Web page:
So imagine my surprise when our founding member, the critter who brought the group together in the first place, emailed over the weekend to let us know he would be stepping out of the group. (Yeah, you thought it was going to be me, didn't you?) As the person who was the driving force behind the group for so many months, it was a shock to see him bow out now. It was (what I suspect are) the usual reasons for leaving a group - balancing family time and writing time. And I can hardly blame him for his reasons, since the closest thing I have to a kid is the partner-in-crime and our trusty sidekick, The Dog.

Still, it was a big disappointment for me. He'd brought us all together, weathered the storms of our growing pains while we figured out meeting times and submission deadlines and new member rules. As the only male in the group he gave invaluable feedback on the male characters and male voices in our pieces, and helped us determine what would appeal to boys in our writing. His own writing had grown by leaps and bounds in the group, and the last piece he submitted was so many miles above the first draft that we saw that I experienced a profound sense of pride in how far he'd come, and how much the group had helped him.

While I hope he continues to write and finds other outlets for his creativity, I worry. I worry because I know how lost I would be without their feedback. I worry because I know how much I would let my self-imposed deadlines slip if there were no one else to hold me accountable. I worry because writing is a lonely enough endeavor that if you don't have an outlet to discuss it you might find yourself wondering why you're pursuing it at all. I worry because I know how much my own life gets in the way of writing, and I don't even have kids to keep up with.

I worry because I can't help but feel like we've lost another writer in the world.

It's a hard pursuit, I know that, but I think it's worth it. The stories we tell, the joy we bring, for me it's worth the late nights and the early mornings and the longing looks outside when it's beautiful and you're stuck inside with a synopsis to write. It's worth the rejection and the wait and the agonizing edits and the overwhelming fear that you might get it wrong (or you might get it right). Because I still remember what it felt like to stay up until four in the morning hiding in the bathroom finishing a book because I Just. Couldn't. Put. It. Down. And if I can inspire just one person to such nocturnal fevers, it will be worth it.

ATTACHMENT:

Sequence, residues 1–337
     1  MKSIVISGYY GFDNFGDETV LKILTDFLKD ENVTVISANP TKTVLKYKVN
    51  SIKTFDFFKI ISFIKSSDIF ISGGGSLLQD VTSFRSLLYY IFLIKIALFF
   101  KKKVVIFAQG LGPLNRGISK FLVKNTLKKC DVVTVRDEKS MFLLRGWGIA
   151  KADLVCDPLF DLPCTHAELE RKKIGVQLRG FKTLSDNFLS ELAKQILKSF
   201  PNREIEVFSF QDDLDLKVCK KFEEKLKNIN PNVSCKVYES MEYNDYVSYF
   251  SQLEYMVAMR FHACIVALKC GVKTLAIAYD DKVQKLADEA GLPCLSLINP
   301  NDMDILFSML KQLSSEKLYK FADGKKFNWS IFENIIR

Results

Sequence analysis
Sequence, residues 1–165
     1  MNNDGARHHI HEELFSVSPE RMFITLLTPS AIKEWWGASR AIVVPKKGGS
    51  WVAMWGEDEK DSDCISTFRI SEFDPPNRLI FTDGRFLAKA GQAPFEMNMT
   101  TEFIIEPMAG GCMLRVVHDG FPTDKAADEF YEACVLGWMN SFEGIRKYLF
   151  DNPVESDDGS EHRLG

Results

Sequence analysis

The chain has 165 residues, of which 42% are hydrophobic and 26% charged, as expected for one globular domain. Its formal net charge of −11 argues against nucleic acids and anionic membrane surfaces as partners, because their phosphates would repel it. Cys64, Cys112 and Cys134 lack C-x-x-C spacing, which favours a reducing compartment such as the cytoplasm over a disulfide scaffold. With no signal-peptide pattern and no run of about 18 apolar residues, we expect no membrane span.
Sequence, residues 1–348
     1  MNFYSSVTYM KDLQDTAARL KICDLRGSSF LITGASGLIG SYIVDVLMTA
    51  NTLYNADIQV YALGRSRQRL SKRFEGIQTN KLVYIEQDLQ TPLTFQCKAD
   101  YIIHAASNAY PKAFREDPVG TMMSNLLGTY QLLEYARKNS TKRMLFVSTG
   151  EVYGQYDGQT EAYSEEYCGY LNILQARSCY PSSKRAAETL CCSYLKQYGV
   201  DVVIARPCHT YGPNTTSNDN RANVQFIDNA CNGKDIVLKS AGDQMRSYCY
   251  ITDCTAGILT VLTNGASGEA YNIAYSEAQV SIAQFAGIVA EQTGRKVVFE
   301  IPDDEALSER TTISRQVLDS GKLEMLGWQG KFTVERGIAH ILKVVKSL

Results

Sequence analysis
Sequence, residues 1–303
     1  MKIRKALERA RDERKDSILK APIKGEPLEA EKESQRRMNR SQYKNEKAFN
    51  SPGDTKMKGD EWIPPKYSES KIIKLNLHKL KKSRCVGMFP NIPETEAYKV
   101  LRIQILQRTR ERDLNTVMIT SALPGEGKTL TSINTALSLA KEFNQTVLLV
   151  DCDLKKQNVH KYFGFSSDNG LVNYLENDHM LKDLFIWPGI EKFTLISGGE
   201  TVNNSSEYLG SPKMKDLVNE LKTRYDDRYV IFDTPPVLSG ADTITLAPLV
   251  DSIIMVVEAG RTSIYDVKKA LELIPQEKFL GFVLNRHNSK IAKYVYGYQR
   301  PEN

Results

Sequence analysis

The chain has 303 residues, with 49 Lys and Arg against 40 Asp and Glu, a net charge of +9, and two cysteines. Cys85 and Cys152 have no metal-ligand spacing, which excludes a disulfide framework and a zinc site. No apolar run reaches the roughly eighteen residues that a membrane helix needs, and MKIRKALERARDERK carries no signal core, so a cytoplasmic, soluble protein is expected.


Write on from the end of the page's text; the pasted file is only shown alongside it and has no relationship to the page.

Have you ever lost a critique partner? How did you feel when they left? Was there ever a partner you wished you could have talked out of their exit?

Tuesday, September 20, 2011

Movies vs. Books: the plot thickens

I saw the movie Drive this weekend, starring Ryan Gosling and some other people I didn't pay attention to (fine, it had a good cast, but come on. RYAN. F-ING. GOSLING. Pretty sure that's his middle name). It was a very different film from what I expected given the trailer, which made me think of the concepts of storytelling and backstory. As in, how much do you know/need to know about your characters and story, and how much do you reveal in the story itself?

I read a review of the movie after having seen it and the review pointed out one major point that I completely missed while watching the film: Ryan Gosling's character has no name. Even in the credits, they simply refer to him as "Driver." This one caught me off guard, because I've had this very conversation in many of my crit groups, and I've heard it from more than one source - you need to have character names. It's how readers identify a character, and if they can't name a character - even the narrator - they get antsy about it after a while. I know I do. But in the film, I never even noticed that his character was never named. How could they get away with such a thing under my trained nose?

Because I had a face. Ryan Gosling's face. I didn't need to know his name because his face was what identified him on the big screen. For me, it was the equivalent of giving me a name, because it was an instantly recognizable feature of that character. You can get away with it on screen, since it's a visual aspect, but giving a character description every time in lieu of a name doesn't really work. So for movies, we have faces. For books, we have names.

The second thing I noticed (which I actually did notice) was a complete absence of backstory. Gosling's character has a very specific side job (no spoilers, I promise) that is an offshoot of his day job but certainly not in the same legal category. He's a young guy with an old world feel, and being the writer-type I am, my first question was "How did he come to this line of work?" It's not something people fall into, and the backstory would have helped tremendously in my efforts to believe the character and what he knew. But we're never given a hint of backstory.